FacebookTwitterRedditEmail

Shooting a Tiger

“The owner was furious, but he was only an Indian and could do nothing…Among the Europeans opinion was divided. The older men said I was right, the younger men said it was a damn shame to shoot an elephant for killing a coolie…And afterwards I was very glad that the coolie had been killed; it put me legally in the right.”

George Orwell

On September 20th an unidentified American soldier shot dead the rare Bengal tiger in the Bagdad zoo. In an interview with AFP, the zoo’s curator, Adel Salman Musa, said it happened like this:

“One of the soldiers, who the Iraqi police said had drunk a lot, went into the cage against the advice of his colleagues and tried to feed the animal.”

It was at this point, according to Lieutenant George Krivo, “the top U.S. military spokesman in Iraq,” that “the tiger then engaged the soldier’s arm.”[1]

Three days later, soldiers from the 82nd Airborne Division, attacked a farm in al-Jisr in the middle of the night, killing three farmers and wounding three others, including two children. The surviving members of the family sleeping in the farmhouse told The Guardian that the soldiers “opened up a devastating barrage of gunfire lasting for at least an hour.”

Eventually the shooting stopped, the soldiers pulled back and then they called in the air strike. At least seven missiles were fired but only one hit the house, tearing through the ceiling of an unoccupied storeroom.

In Bagdad, military spokesman Nicole Thompson later stated that the soldiers had only fired after being fired upon by “unknown forces.”[2]

* * *

One of the more remarkable transformations in American public life over the past twenty five years is how the military has evolved from a corrupt, bloated, inefficient bureaucracy–those thousand dollar toilet seats–to the institution that Americans claim to have more faith in that any other. In the most recent Harris poll, 62% of respondents said they had a “great deal of confidence” in the Military; more than the White House (40%); more than Organized Religion (19%); more than the Press (15%).[3] Unsurprising when one considers that for the past twenty five years the military has been able to repeatedly display its overwhelming force in a series of quick, painless, relatively bloodless campaigns: Granada, Kosovo, Iraq (part I), Afghanistan. Has not, in other words, had to prove itself in anything like a seemingly indefinite occupation in which it was under almost-constant attack.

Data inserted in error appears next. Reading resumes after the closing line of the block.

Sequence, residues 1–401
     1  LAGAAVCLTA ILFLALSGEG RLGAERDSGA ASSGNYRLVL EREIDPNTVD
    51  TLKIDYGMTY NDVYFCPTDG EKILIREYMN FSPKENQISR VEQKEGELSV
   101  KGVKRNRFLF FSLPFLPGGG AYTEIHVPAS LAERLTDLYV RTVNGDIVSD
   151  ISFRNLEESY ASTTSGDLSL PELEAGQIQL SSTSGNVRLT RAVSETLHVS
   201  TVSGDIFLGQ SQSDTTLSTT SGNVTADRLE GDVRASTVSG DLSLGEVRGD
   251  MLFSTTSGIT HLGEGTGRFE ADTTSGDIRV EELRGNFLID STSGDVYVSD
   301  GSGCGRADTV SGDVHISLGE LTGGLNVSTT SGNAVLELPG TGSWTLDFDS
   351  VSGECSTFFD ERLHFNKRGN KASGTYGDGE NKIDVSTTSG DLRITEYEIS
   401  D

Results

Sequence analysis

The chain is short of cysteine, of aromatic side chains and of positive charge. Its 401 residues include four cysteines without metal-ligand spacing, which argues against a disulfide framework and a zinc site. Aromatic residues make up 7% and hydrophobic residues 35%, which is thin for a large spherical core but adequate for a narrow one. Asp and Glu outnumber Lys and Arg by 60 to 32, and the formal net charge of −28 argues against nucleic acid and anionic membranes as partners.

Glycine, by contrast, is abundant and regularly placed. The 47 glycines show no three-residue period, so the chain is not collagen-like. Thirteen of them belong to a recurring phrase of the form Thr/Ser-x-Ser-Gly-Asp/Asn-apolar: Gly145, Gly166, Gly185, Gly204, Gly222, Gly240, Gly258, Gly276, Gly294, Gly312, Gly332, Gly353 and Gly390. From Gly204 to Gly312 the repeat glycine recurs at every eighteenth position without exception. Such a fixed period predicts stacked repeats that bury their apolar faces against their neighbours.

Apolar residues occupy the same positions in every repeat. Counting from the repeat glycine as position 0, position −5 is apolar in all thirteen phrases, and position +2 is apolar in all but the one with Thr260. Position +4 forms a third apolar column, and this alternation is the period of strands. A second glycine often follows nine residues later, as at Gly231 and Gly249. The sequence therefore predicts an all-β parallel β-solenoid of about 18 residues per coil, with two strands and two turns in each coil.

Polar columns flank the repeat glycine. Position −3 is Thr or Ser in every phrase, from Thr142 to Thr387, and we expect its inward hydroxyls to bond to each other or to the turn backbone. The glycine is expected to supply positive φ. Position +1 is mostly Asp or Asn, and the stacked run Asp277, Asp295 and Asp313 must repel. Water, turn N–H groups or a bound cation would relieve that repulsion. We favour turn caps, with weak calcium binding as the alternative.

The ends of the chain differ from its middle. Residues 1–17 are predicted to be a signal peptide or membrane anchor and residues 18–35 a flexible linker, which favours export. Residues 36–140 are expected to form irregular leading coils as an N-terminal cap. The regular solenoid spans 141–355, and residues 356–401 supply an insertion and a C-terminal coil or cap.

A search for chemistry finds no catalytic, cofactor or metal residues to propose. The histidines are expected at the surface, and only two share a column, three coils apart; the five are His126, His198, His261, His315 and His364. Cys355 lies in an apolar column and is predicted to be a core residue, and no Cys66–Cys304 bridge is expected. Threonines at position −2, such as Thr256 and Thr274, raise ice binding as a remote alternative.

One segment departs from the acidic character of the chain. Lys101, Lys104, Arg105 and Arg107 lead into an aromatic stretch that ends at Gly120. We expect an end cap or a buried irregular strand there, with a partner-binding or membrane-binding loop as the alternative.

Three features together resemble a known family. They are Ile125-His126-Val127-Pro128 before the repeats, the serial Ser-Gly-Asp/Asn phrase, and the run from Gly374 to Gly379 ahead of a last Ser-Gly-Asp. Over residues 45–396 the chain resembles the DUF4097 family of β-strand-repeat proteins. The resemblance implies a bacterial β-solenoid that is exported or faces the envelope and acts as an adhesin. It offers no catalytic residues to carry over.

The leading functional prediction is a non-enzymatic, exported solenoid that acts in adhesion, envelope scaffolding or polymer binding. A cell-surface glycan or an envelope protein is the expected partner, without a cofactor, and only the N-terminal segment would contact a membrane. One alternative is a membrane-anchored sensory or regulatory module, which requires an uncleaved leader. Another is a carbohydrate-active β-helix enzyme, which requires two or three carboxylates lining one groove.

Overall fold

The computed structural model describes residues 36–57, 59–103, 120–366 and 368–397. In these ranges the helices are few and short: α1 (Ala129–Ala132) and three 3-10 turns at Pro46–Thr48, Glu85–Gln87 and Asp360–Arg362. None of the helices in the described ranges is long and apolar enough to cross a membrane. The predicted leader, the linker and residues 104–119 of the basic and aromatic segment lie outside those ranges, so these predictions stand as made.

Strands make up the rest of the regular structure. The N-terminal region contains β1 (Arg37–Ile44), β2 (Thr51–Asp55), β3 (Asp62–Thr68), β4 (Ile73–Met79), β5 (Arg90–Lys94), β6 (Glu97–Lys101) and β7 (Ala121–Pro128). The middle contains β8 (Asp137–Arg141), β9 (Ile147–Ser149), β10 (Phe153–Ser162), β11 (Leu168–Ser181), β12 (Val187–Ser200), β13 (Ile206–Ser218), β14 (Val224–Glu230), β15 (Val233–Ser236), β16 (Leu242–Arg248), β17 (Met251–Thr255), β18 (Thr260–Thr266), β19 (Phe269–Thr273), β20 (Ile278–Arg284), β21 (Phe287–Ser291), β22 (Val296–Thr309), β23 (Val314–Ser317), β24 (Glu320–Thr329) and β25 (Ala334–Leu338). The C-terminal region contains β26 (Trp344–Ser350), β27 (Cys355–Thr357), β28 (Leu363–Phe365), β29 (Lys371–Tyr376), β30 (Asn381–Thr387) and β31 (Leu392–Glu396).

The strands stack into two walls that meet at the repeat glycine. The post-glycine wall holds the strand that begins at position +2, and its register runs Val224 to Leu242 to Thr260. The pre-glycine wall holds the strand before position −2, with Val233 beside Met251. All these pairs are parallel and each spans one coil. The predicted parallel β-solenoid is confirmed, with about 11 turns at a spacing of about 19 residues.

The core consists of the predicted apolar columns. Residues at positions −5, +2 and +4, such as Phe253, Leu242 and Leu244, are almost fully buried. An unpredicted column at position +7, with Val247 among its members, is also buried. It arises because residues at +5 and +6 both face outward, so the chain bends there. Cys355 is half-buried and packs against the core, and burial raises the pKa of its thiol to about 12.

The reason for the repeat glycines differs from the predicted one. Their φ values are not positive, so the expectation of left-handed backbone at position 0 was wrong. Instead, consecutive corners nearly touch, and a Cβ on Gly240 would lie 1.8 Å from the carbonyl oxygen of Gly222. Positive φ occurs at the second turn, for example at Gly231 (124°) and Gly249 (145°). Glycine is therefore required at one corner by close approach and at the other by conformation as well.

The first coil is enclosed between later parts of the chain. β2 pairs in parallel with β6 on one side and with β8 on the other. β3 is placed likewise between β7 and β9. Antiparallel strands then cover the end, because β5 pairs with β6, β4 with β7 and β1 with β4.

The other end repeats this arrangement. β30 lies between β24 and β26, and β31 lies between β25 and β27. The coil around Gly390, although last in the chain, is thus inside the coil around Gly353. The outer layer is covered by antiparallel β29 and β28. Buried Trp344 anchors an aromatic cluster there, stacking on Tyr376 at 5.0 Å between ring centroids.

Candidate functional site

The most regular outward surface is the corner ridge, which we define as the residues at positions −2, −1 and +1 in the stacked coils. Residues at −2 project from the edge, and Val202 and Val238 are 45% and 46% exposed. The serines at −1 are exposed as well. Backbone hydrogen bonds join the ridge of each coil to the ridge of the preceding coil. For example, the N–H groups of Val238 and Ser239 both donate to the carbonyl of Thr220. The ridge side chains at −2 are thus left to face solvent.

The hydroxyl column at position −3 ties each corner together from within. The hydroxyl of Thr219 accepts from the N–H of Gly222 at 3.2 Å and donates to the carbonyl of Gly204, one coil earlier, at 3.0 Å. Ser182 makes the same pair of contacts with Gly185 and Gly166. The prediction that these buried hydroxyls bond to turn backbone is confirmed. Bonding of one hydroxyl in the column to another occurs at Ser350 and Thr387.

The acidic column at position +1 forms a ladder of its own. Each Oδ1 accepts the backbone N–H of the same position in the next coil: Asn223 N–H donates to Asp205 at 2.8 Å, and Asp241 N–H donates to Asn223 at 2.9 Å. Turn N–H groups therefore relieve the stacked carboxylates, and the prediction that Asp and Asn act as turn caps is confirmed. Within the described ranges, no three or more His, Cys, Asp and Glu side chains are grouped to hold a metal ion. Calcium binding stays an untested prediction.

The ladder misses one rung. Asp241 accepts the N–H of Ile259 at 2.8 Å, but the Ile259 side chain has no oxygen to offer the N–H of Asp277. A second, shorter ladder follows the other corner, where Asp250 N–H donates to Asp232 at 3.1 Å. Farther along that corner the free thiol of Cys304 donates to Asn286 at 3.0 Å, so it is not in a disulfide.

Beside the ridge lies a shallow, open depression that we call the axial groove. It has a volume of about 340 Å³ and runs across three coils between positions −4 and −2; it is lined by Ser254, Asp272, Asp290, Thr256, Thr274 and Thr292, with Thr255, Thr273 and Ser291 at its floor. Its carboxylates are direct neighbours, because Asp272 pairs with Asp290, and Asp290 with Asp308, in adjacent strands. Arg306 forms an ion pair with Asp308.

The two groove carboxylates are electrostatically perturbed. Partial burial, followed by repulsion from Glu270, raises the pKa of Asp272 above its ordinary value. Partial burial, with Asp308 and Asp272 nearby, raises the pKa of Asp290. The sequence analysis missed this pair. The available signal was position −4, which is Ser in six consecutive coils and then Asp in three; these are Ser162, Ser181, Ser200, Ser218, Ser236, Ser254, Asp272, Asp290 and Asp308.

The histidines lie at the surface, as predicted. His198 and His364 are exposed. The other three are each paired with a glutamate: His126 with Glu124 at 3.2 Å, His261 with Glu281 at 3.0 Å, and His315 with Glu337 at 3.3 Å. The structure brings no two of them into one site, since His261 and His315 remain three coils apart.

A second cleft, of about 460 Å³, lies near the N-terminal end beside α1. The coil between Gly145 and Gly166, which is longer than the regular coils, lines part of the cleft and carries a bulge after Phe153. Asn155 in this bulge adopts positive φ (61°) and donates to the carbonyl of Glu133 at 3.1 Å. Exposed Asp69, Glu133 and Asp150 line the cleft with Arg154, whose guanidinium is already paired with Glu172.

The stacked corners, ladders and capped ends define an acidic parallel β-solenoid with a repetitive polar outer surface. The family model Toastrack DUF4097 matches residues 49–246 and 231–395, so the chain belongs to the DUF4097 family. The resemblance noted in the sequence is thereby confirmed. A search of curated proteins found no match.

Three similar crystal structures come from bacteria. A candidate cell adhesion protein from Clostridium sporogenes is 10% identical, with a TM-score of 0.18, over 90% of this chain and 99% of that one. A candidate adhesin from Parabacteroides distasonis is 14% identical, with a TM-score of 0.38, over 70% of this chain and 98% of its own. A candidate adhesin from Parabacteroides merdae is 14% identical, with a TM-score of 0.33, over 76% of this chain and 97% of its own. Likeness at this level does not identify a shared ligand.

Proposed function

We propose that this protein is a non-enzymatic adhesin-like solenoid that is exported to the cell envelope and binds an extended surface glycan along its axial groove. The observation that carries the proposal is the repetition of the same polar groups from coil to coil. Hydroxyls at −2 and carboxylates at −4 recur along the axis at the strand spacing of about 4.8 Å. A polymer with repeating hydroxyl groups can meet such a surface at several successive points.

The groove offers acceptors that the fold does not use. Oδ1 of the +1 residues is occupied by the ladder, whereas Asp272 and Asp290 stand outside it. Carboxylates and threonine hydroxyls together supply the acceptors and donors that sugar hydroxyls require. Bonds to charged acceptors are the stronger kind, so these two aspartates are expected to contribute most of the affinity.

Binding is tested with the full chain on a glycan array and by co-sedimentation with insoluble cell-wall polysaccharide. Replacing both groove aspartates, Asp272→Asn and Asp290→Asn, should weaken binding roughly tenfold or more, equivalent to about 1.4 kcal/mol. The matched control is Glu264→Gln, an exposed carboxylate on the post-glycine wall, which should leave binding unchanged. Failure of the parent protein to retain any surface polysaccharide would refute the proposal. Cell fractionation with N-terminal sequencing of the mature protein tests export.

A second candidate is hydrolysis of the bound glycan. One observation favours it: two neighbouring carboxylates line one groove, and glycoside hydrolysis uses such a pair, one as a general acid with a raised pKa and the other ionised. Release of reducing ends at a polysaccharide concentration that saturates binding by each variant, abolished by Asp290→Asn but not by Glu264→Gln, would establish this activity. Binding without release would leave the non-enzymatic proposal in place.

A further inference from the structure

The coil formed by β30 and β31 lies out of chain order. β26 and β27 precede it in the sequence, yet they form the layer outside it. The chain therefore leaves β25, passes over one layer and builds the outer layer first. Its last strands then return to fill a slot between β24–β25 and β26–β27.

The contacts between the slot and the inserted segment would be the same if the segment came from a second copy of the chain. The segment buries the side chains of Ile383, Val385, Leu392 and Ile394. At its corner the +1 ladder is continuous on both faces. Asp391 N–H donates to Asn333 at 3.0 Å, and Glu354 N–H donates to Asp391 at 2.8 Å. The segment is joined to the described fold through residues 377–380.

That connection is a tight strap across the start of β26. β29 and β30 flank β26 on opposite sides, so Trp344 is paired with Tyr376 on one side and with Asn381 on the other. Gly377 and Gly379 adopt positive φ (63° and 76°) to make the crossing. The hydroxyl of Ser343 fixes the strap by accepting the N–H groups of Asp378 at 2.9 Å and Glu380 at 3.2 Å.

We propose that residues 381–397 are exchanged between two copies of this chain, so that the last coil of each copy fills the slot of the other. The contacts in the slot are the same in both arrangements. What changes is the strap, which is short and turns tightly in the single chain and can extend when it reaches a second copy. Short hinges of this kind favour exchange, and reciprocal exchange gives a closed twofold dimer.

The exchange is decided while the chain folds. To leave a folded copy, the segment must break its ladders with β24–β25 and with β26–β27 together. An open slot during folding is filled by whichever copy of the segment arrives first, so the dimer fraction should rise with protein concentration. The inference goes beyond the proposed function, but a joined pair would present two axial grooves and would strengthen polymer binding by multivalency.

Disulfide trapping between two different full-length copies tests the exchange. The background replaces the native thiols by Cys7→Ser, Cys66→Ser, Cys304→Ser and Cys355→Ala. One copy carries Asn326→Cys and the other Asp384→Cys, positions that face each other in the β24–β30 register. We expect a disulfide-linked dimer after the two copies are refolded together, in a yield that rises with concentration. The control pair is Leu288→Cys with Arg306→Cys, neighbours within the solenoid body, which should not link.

So while it may be too soon to know whether or not the occupation of Iraq will crumble into “quagmire,” this is certain: the last time the American public got to see its soldiers in this kind of action, they were fighting a similarly shadowy guerilla war, in a similarly far-away place, for similarly inscrutable reasons, with similarly disproportionate force.

* * *

My generation is too young to remember Vietnam, yet its memory continues to linger in popular imagination, in cultural totems: Kent State; the Tet Offensive; Jane Fonda; the smell of napalm in the morning. We remember, or think we remember, former soldiers, like John Kerry, protesting the war by throwing away their medals. We remember, or think we remember, young woman greeting the return of other soldiers, less contrite: spitting in their faces, scratching at their eyes, calling them “baby killers.”

* * *

In a similar Harris poll, conducted in 1966, confidence in the Military was at 61%. By 1971 it had dropped to 27%.

* * *

We’ve been told, more than once, that the United States has the greatest military force in the whole glorious history of the entire world since the dawn of creation. But I believe that a distinction has to be made between this military’s technological superiority (unquestionable) and the character of its troops. This is a distinction that few seem willing to raise, let along honestly discuss. These days, any one even tempted to criticize the military finds himself compelled to offer the usual caveats: that one is cognizant of the enormous pressures that the soldier in the field faces; that one understand how easy it is to decry the policy of “shoot first and ask questions later” when one is sitting in a place thousands of miles away where no one is shooting. True enough. Yet it is curious how seldom this kind of sympathetic consideration is extended to, say, politicians, or spies, or aid workers, or engineers, or just about anyone else in, around, or involved with Iraq. Commentators of all political stripes, both mainstream and backwater, show no such deference towards other groups in which they are similarly inexperienced: the Administration, the French, the Provisional Authority, the UN, the CIA, Haliburton. But on the issue of the military’s conduct in Iraq, even the war’s harshest critics are conspicuously silent. Are, if anything, mostly sympathetic: “Stretched Thin, Lied to & Mistreated,” as a recent cover of The Nation would have it. Perhaps this consideration is due to the fact that, unlike the politician, the soldier must daily make split-second decisions which can cost him his life. Perhaps it comes from an unmentionable sense that he is doing a job that few would want and most would do their best to avoid. But if, as in Vietnam, this occupation continues to drag on, if more and more civilians are killed, and in ways that seem increasingly reckless, increasingly wanton, this question will have to be asked: do the dangers of occupation and the perfidy of politicians absolve the soldier in the field from all responsibility? Does it mean that, no matter the situation, his self-preservation automatically trumps any sort of reasonable expectation of restraint, or common sense?